• Women ages 50 and older and men ages 18 and older may safety eat a maximum of seven total servings per week of Brook Trout, or six servings per week of sunfish species, or two servings per week of black bass species or Sacramento Sucker, or one serving per week of Sacramento Pikeminnow.
  • One serving is an eight-ounce fillet, measured prior to cooking, which is roughly the size and thickness of your hand. Children should be given smaller servings.
  • For fish species found in Whiskeytown Lake that are not included in this advisory, OEHHA recommends following the statewide advisory for eating fish from California lakes and reservoirs without site-specific advice.
For further information regarding fish consumption from Whiskeytown Lake, please see the following advisory.

Aquatic Invasive Species

Imagine your favorite fishing spot and the wonderful memories. Things may look fine but underneath the surface there is a serious threat. Everything you remembered is now cemented together in a sharp, smelly mess. Invaders have wiped out the fish species you used to catch.

Aquatic invasive species are not native to an ecosystem. Their introduction causes, or is likely to cause, harm to the economy, the environment, or to human health. Aquatic invasive species are a growing risk to parks and their values. In the United States alone, there are more than 250 non-native aquatic species.

For many centuries, humans have contributed to spreading non-native species around the globe. You can make a difference. To learn more about Aquatic Invasive Species in the National Park Service, visit the Fish & Fishing website.

How You Can Help – Stop Aquatic Hitchhikers

To prevent the spread of aquatic invasive species, people launching vessels at any body of water are subject to watercraft inspections and are strongly encouraged to clean, drain and dry their motorized and non-motorized boats, including personal watercraft, and any equipment that comes into contact with the water before and after recreating.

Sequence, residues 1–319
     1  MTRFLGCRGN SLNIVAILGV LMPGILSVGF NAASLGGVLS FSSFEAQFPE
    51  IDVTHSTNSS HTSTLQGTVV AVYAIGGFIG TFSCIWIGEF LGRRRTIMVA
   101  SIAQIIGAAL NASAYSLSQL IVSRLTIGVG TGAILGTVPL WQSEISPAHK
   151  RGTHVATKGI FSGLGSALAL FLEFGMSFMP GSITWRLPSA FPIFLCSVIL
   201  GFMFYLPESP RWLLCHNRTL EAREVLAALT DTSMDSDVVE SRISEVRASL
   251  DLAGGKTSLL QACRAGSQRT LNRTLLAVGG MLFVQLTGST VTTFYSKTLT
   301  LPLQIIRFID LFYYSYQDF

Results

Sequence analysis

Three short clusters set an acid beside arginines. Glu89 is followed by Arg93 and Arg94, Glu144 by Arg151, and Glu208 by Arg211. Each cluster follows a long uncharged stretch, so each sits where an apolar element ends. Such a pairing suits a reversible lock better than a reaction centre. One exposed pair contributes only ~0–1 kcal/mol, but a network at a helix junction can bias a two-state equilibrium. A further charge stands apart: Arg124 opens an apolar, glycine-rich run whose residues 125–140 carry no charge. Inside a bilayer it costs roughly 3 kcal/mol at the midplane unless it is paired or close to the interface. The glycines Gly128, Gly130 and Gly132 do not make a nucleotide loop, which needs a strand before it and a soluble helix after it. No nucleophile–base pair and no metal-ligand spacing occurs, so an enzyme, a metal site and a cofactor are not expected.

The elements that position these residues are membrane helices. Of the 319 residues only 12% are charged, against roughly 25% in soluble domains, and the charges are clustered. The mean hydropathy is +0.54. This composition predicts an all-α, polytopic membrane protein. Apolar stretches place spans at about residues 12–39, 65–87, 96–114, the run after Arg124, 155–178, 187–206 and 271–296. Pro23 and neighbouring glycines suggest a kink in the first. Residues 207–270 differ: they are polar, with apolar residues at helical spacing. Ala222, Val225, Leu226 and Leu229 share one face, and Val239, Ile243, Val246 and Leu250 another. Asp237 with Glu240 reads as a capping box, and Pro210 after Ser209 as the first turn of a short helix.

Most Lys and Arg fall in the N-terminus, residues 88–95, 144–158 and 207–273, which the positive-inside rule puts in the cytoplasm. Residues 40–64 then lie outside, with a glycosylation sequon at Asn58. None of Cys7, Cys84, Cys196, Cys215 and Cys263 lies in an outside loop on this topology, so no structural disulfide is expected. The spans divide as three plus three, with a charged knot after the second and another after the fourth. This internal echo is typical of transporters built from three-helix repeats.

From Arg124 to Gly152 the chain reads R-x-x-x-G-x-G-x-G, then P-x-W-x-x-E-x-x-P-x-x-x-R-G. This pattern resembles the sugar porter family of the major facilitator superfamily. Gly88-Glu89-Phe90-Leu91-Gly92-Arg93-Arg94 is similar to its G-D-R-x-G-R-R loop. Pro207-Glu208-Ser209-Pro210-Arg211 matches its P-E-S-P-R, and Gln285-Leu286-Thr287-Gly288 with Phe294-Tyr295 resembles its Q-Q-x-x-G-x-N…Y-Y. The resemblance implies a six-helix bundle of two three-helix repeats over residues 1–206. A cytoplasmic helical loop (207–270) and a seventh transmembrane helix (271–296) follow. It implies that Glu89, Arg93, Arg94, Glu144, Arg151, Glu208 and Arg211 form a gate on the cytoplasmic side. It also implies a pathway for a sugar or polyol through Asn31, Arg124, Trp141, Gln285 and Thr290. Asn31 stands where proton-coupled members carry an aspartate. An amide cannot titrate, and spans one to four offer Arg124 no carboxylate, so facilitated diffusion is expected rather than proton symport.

Take the following steps both before traveling to and before leaving a waterbody to prevent spreading invasive species, improve your experience and safeguard California waterways:

  • CLEAN — inspect exposed surfaces and remove all plants and organisms,
  • DRAIN — all water, including water contained in lower outboard units, live-wells and bait buckets, and
  • DRY — allow the watercraft to thoroughly dry between launches. Watercraft should be kept dry for at least five days in warm weather and up to 30 days in cool weather.

Frequently Asked Questions for Fishing at Whiskeytown NRA

Follow this link to download a copy of Fishing - Frequently Asked Questions

Fishing Throughout the National Park Service

We invite you to visit the Fish and Fishing website for more information about fish and fishing in the National Park Service. You will learn about conservation, different fish species, and parks that offer fishing.

Last updated: December 18, 2020

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Contact Info

Mailing Address:

P.O. Box 188
Whiskeytown, CA 96095


530 242-3400